Anger as Regent's Park pitches are axed
Sanchez Manning ONE of Britain's top human rights lawyers has called for a public inquiry into The Royal Parks closure of a historic golf and tennis school in Regent's Park. Geoffrey Robertson QC is calling for an investigation into the process which led
ONE of Britain's top human rights lawyers has called for a public inquiry into The Royal Parks' closure of a historic golf and tennis school in Regent's Park.
Geoffrey Robertson QC is calling for an investigation into the process which led to the 100-year-old school being scrapped to make way for a five-a-side football centre.
It has emerged this week that although the football pitch plan has been dropped, The Royal Parks is intending to leave the land empty rather than re-instating the popular sports club.
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Mr Robertson says the whole handling of the issue has been "utterly incompetent" and needs a thorough investigation.
"The public has been terrifically messed around by the stupid behaviour of The Royal Parks and heads should roll," said Mr Robertson, who lives in West Hampstead with his wife, writer Kathy Lette. "It now transpires that all the fuss was for nothing.
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"They have destroyed an amenity for tennis and golf players with the promise of a fraudulent prospect of five-a-side pitches."
His calls have been backed by journalist Sir Simon Jenkins and the former manager of the school, Chris Meadows.
Sir Simon said that he was completely behind the campaign for a public inquiry. "It's an appallingly mismanaged affair and they should revert back to a tennis school immediately and just get out of this mess," he said.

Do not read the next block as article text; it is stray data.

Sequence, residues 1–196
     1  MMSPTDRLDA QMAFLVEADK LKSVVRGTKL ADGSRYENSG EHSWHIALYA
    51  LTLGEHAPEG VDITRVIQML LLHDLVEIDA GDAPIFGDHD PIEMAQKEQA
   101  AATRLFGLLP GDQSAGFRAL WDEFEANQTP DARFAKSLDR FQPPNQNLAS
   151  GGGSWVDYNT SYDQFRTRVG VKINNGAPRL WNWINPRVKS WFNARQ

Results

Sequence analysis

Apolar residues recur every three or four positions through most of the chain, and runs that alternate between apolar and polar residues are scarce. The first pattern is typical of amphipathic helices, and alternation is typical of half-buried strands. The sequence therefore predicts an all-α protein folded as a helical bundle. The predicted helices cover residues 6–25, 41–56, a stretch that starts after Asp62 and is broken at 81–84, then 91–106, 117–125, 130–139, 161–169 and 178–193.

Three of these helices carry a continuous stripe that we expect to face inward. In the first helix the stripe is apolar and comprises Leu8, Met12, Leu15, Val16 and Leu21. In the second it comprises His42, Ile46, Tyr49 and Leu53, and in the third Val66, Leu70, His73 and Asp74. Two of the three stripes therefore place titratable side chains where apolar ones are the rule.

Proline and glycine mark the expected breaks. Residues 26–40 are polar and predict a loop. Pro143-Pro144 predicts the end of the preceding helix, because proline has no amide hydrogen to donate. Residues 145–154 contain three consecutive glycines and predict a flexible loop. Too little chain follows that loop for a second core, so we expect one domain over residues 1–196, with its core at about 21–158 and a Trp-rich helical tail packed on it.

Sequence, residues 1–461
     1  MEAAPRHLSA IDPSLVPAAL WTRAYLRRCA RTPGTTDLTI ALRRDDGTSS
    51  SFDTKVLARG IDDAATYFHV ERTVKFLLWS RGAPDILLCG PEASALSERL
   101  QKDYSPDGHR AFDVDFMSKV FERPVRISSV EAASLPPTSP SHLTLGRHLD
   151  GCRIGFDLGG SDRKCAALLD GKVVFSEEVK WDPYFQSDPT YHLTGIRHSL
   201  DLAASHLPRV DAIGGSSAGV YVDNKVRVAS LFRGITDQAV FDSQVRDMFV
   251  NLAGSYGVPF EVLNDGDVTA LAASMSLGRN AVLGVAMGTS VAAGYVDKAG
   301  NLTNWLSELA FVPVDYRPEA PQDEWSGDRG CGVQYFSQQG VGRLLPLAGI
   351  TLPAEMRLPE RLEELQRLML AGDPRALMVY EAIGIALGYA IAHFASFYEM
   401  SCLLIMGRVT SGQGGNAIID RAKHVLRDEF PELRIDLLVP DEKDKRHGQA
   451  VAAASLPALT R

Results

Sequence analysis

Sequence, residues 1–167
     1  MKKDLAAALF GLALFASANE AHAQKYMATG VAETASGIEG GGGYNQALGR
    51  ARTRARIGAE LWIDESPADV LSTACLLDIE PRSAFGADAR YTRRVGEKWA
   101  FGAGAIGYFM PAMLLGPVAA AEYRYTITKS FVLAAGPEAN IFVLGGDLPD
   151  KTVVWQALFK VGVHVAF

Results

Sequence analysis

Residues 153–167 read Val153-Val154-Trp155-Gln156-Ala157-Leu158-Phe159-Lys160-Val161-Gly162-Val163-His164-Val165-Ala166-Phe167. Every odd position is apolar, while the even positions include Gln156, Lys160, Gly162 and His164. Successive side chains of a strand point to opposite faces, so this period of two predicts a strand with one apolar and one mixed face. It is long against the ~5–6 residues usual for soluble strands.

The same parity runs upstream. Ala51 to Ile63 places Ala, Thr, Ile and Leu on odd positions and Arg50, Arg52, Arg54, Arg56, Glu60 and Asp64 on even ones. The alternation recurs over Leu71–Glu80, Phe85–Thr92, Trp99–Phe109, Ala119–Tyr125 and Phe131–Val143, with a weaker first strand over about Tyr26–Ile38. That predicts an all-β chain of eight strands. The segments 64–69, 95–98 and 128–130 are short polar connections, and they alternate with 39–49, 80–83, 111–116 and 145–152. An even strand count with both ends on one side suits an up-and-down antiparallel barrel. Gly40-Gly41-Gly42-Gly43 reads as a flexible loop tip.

Mr Meadows added: "If the people of this area were allowed to make their own decisions then this wouldn't have happened. Frank Dobson [MP] said he has received more letters for the school than he did about the Gulf War."
The decision by The Royal Parks to shut down the golf and tennis school in March 2007 unleashed a maelstrom of protests. Among the objectors were ex-Mayor Ken Livingstone, the then leader of Westminster Council, Sir Simon Milton, BBC broadcaster Sue MacGregor and Tony Blair's right-hand man Lord Goldsmith.
The Royal Parks' scheme to replace the school with 10 five-a-side football pitches was met with a staggering 4,000 letters of opposition - the highest number of objections ever received for a planning application.
In the face of this response, and citing the adverse environmental impact that could be caused by building the pitches, the council rejected the application in December 2007.
But the most tragic aspect of the ongoing debacle is that in the same month, tennis coach Yuri Ouvarov, 53, hung himself in Regent's Park.
His family linked his death directly to the closure of the golf and tennis school where he had worked since 1991. The Royal Parks has defended its actions by claiming the school had to be closed because it was in a state of disrepair and not fit for purpose.
But Mr Robertson and Mr Meadows claim this is an outright lie, and health and safety concerns were never raised at the time.
Mr Robertson said the facilities were perfect for play and told how he had often played with Yuri. He added Yuri's "ghost should haunt the policy makers" behind the decision.
A spokeswoman for The Royal Parks said: "The main reason we are returning it to park land is to open up the vistas and improve the landscape for visitors. But it's also because of the cost of the tender process. If you did do another tender it would have to be completely open so any suitable sport provider could win and there is no guarantee that it would be tennis and golf again.